My Dad Loved Opera
This memoir piece first appeared on my website under memoir in November 2014. I haven’t seen many operas but anytime I see an opera singer on television or attend a program of music from operas, I think of my dad.
This free photo is of an opera singer but I did not recognize the name. Sorry. Here is what I know about my dad and opera.
I remember doing my weekly Saturday chores of bathroom cleaning (where I spent most of my time reading a book with the doors locked) and dusting. If my dad was home, I would dust to the sound of opera on the radio. My dad was a man of diverse tastes. I thought I’d share this bit of writing about my dad as few ever read the few memoirs posted on my website. So here goes.
I don’t know if my dad ever saw an actual opera performance. I truly have no idea how he would have been exposed to opera. I think about his parents and the home of his boyhood. I just can’t imagine a radio tuned to opera. So where did he first hear opera?
I add the opera question to a short but expanding list of questions I wish I’d asked my parents. But it seemed natural when I was growing up to hear the Saturday afternoon weekly broadcast of an opera played fairly loudly while I did my weekly chore of dusting.
It’s only recently that I thought about my dad’s love of opera. I was watching a TV show where contestants had to match costumes with opera characters. That reminded me of dusting to sounds of arias and back and forth dialogues sung with great drama. It got me to thinking about my dad’s love of opera. I realized that love did not fit with his other hobbies. This opera hobby was not shared with his buddies and maybe not even with my mom. She never commented on the Saturday afternoon operas. He’d sit in a chair, head back, listening and smiling. I loved the music. I didn’t understand word one as the singers sang in some foreign language. Now I know it was either German or Italian. Then I was clueless. But I heard tragedy and triumph, could sense a drama being played out. And that intensity seemed to match my own tendency to see life as a continual drama.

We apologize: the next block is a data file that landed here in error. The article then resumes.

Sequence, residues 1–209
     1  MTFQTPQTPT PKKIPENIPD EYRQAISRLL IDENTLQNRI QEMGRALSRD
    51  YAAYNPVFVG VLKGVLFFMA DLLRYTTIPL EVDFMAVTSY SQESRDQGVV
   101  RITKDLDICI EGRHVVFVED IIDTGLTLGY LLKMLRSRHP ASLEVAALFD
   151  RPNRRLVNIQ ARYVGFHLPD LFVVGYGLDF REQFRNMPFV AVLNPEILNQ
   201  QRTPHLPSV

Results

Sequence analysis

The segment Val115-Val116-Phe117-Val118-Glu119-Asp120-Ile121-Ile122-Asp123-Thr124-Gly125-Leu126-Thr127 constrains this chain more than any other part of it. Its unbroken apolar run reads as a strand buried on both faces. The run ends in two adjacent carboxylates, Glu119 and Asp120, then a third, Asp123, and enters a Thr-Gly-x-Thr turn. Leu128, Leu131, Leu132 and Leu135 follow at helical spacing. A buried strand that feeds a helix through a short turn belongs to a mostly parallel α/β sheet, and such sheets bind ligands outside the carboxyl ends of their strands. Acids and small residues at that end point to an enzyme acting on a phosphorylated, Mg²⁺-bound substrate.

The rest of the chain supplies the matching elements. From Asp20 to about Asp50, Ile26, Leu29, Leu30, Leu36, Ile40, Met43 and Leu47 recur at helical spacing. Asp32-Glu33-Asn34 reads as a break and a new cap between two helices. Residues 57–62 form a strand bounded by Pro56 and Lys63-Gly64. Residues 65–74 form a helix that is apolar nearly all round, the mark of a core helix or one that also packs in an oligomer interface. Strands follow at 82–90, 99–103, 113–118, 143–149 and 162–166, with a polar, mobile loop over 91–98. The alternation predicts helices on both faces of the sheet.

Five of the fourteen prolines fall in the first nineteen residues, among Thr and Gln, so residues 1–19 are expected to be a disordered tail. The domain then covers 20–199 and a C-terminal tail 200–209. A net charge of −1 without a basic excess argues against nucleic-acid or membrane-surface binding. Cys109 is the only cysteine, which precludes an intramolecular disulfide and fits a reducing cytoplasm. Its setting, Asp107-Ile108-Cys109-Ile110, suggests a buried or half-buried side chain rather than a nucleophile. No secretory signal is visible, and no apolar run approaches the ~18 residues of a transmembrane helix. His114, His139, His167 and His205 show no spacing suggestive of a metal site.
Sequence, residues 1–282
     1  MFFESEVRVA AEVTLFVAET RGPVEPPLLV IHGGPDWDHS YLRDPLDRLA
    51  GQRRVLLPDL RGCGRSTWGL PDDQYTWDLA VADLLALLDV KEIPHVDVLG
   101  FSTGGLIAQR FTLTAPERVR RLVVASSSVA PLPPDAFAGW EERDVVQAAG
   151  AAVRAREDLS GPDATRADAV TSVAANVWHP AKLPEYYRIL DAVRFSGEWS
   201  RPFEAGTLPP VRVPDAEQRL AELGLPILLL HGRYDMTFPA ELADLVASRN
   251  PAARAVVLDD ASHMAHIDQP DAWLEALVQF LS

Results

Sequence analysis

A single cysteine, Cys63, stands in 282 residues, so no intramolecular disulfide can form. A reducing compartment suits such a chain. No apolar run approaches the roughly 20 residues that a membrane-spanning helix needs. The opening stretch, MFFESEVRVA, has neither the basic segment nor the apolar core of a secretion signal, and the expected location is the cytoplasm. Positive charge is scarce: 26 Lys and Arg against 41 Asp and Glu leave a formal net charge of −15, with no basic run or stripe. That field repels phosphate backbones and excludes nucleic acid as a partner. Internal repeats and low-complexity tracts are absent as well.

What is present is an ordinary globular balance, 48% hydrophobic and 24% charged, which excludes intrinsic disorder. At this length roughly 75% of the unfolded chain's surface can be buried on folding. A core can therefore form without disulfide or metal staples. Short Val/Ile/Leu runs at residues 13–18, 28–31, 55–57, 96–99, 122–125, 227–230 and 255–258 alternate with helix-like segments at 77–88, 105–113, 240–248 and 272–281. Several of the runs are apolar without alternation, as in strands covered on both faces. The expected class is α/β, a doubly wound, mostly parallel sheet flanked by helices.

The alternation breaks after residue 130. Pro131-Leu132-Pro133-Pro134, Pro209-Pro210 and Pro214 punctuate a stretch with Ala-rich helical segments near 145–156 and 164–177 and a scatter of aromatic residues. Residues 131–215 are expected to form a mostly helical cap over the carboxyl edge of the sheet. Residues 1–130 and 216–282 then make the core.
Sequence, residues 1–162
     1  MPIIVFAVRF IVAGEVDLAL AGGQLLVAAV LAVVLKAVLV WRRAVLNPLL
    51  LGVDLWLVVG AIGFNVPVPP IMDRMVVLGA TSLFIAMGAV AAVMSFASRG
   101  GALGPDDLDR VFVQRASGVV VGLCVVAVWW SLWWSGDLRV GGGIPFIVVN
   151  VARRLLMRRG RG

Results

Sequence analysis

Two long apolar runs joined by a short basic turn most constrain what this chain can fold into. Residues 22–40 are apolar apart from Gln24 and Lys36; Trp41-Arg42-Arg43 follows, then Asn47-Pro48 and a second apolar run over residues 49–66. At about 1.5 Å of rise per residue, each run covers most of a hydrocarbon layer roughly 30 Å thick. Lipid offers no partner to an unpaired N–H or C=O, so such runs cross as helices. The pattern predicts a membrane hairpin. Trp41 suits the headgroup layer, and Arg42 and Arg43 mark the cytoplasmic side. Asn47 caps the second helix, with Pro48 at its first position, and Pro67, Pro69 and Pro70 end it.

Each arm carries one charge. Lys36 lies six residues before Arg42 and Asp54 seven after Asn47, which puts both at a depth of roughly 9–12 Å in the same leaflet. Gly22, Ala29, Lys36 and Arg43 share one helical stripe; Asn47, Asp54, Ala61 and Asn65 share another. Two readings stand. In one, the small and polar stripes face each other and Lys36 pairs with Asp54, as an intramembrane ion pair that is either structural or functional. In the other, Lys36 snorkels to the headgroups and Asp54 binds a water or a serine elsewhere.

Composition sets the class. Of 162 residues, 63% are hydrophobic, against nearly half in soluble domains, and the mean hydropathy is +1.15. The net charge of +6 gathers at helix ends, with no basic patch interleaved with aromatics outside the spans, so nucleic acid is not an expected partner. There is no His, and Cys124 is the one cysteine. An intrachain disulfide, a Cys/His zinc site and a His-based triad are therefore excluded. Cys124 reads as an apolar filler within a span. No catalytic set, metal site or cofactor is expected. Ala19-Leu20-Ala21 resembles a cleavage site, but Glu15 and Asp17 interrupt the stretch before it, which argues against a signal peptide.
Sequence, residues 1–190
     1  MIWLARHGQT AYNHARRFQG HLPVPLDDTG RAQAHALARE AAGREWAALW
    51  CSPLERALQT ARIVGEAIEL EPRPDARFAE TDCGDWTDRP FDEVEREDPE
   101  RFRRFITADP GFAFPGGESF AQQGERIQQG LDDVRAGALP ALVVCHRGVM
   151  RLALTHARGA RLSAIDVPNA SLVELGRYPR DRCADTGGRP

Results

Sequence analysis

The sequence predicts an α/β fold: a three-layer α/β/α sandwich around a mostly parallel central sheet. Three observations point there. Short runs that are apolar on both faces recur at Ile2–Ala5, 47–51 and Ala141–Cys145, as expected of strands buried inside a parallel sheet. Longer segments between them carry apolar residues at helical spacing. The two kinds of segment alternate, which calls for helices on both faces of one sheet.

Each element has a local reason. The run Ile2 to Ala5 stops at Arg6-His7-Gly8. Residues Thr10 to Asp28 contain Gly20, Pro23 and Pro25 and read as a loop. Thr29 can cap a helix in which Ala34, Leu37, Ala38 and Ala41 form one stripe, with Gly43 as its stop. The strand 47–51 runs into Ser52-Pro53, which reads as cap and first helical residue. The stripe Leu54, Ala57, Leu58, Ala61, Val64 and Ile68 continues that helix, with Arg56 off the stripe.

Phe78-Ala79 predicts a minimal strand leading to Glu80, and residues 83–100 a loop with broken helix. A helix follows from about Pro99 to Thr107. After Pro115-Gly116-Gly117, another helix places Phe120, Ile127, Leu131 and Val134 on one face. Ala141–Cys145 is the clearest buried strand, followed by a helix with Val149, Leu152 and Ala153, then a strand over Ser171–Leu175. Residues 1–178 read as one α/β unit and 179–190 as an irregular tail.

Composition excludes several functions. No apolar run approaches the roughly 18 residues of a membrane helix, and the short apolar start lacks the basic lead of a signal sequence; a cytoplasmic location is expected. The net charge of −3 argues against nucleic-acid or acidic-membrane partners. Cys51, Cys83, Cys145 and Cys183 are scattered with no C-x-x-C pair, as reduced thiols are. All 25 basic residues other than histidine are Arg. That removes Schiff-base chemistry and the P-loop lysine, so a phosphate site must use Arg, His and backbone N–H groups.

Yet when the perfect opportunity to discuss opera with my dad came, I turned to private research instead. One summer while still in high school I worked as a reporter on the local daily newspaper. I was assigned to cover an opera playing in Saranac Lake on a summer tour. No-one seemed to think I was unqualified to handle this assignment. I projected confidence on the outside while I experienced panic on the inside. My dad could have helped but I never thought of going to my dad to see if he could enlighten me. Maybe I was too proud to ask. He seemed to think I could report on anything assigned.
Thus I went to the library, researched the opera, made notes and then attended the live performance. I don’t think my opera loving dad attended. I wrote a story that appeared the day after the event. Maybe the editors of The Daily Enterprise were clueless about operas too because I certainly was totally unqualified to write that story.
My dad probably read that opera review. He read everything I wrote for the paper that summer. To this day, I try to line up his love of the opera with his other hobbies. He loved watching boxing matches on TV, was a Jackie Gleason fan, played golf and poker. He had a wild sense of humor and a loud voice when displeased. Nothing operatic about that voice other than a shared volume level. He was a complex man.
Eventually the strains of operas on Saturday afternoon fell silent. I think the program must have been cancelled or other interests drew my dad’s attention. I was a teenager and too self-absorbed to even notice. And though I loved my dad, we didn’t have heart to heart conversations. Even if I noticed a changed Saturday routine in my dad’s schedule, I wouldn’t have asked him about it. We weren’t friends. He was the parent and I was the daughter. We didn’t begin having real conversations until I was married and had children.
During my girlhood, he’d let me know if I disappointed him. He had great expectations of me as far as academics went and set high standards of moral conduct for me. I knew he loved me unconditionally. What I didn’t know and don’t know still is where his love of opera originated.
What about you, do you like opera? What kind of music is your favorite? Do you have questions you wish you’d asked your parents? And what were your weekly Saturday chores as a kid?